3 great incident management tools

IT teams need incident management software to help them deliver the best incident management. 

Jira Service Management

Jira Service Management is an incident management tool that can be adapted to meet your unique needs. Empower every team, from IT to HR to legal, to set up a service desk quickly and continuously adapt at scale. Deliver great service experiences fast – without the complexity of traditional ITSM solutions.


Opsgenie is a modern incident management platform that ensures critical incidents are never missed, and actions are taken by the right people in the shortest possible time. Opsgenie receives alerts from your monitoring systems and custom applications and categorizes each alert based on importance and timing.


Freshservice is a smart incident management tool to increase agent productivity and help with the management of customer tickets. You can filter tickets by incidents and service requests, as well as its properties, and due date. Collaborate with your team from a single screen and know who’s working on a ticket, its priority, and status.

Incident management best practices

Make your service desk accessible

Employees should have multiple ways to contact your service desk, ranging from phone, to email, to mobile. It should be easy for customers to stay in touch with your agents and keep track of the status of their incident. Make sure that customers are aware that the service desk exists so they can log their incidents straight away. 

Learn from prior incidents

It’s important to look back at incidents that have occurred and analyze the root cause behind the incident. You can identify ways the incident could have been prevented in the first place and use these to stop future incidents. If the incident does happen again, you will be better placed to deal with it.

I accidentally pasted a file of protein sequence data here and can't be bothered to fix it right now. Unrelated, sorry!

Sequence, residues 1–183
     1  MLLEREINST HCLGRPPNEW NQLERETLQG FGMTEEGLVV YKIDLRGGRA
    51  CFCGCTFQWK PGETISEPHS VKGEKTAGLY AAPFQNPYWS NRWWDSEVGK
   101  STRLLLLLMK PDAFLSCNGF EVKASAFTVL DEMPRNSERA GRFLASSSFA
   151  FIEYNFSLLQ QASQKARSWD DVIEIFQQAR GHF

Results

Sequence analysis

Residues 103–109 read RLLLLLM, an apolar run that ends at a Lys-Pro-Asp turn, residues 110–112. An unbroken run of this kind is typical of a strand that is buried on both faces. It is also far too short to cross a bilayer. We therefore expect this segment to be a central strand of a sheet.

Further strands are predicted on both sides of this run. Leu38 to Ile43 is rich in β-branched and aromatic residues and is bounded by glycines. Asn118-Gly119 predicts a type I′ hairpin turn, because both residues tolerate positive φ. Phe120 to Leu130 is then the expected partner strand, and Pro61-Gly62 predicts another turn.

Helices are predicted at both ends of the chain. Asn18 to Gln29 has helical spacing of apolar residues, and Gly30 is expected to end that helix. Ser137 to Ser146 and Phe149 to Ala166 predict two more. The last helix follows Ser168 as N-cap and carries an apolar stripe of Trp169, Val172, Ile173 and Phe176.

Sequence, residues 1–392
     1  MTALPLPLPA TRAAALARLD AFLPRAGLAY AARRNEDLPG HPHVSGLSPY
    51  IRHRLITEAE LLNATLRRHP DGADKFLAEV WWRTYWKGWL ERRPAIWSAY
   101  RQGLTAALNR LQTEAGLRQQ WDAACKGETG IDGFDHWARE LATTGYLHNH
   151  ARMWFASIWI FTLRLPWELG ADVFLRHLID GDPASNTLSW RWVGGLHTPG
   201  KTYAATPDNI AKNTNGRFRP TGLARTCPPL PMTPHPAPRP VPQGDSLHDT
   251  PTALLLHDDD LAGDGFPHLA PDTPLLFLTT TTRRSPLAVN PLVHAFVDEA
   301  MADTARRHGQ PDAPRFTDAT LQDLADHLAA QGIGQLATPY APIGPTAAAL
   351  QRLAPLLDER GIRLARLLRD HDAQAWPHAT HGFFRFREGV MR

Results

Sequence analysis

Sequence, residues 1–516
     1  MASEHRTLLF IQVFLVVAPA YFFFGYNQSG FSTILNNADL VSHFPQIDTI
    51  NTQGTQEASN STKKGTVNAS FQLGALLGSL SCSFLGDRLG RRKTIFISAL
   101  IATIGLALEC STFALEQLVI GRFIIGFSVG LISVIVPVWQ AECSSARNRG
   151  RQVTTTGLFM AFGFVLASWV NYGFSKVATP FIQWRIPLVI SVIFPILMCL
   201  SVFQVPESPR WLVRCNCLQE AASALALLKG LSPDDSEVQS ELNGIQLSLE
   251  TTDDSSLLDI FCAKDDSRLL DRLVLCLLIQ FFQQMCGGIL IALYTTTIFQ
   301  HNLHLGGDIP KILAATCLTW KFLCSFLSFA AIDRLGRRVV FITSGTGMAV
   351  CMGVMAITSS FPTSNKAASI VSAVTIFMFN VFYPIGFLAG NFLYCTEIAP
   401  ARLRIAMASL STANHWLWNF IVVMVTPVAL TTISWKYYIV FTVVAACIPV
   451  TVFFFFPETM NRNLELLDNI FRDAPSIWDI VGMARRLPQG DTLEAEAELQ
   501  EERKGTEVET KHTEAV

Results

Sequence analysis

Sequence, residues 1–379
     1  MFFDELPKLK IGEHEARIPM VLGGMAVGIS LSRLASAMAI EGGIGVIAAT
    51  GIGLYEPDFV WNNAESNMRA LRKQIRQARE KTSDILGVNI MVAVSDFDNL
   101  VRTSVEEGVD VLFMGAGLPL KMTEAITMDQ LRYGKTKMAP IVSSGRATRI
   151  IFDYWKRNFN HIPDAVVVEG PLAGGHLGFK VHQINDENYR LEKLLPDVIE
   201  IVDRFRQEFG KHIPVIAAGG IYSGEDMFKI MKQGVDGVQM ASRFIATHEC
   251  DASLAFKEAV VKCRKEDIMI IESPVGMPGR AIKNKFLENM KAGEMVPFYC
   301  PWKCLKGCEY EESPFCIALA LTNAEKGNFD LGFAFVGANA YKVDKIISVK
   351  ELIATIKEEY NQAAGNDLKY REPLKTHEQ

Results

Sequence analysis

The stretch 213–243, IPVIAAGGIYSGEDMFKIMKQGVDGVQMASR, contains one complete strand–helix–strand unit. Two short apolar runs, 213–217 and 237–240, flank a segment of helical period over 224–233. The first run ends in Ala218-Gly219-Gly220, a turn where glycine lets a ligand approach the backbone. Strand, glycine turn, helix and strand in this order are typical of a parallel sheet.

Standardize your process

Every time an incident comes into your service desk it should be dealt with in the same way to provide a consistent experience to your customers. Following standardized processes ensures every service desk agent knows how to handle an incident and keeps service level quality high. 

Log every incident

No matter how small, every incident should be logged in your ITSM tool with enough contextual information to help any agent understand the issue. Logging every incident helps your agents keep track of the volume and improves your team’s ability to look back at past incidents for review. 

Wrapping up

Effective incident management is essential for high-performing IT departments who want to improve the way they approach customer tickets and identify critical incidents. Incidents are often high-priority and threaten the overall health of the business, and as such they need to be dealt with quickly. Often, the same issue can affect more than one user and incident management can help to aggregate tickets together for faster resolutions. 

It helps keep your processes standardized and contributes to the proper functioning of the business. Service desk agents are empowered to provide effective help to employees to restore service functionality as quickly as possible. It’s important for agents to be able to accurately identify what qualifies as an incident as compared to a service request. 

The incident management process is the same every time and helps deliver a consistent customer experience. Agents know what is expected of them and this helps speed up the resolution of customer tickets. 

catherine heath

Catherine is a content writer and community builder for creative and ethical companies. She often writes case studies, help documentation and articles about customer support. Her writing has helped businesses to attract curious audiences and transform them into loyal advocates. You can find more of her work at